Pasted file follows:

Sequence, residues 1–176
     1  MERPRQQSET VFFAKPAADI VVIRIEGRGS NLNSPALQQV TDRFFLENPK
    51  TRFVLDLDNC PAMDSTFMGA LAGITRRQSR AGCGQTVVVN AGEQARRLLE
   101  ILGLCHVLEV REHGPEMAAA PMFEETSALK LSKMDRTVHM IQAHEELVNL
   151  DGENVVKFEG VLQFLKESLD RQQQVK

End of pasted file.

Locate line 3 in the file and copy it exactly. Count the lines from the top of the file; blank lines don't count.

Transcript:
    51  TRFVLDLDNC PAMDSTFMGA LAGITRRQSR AGCGQTVVVN AGEQARRLLE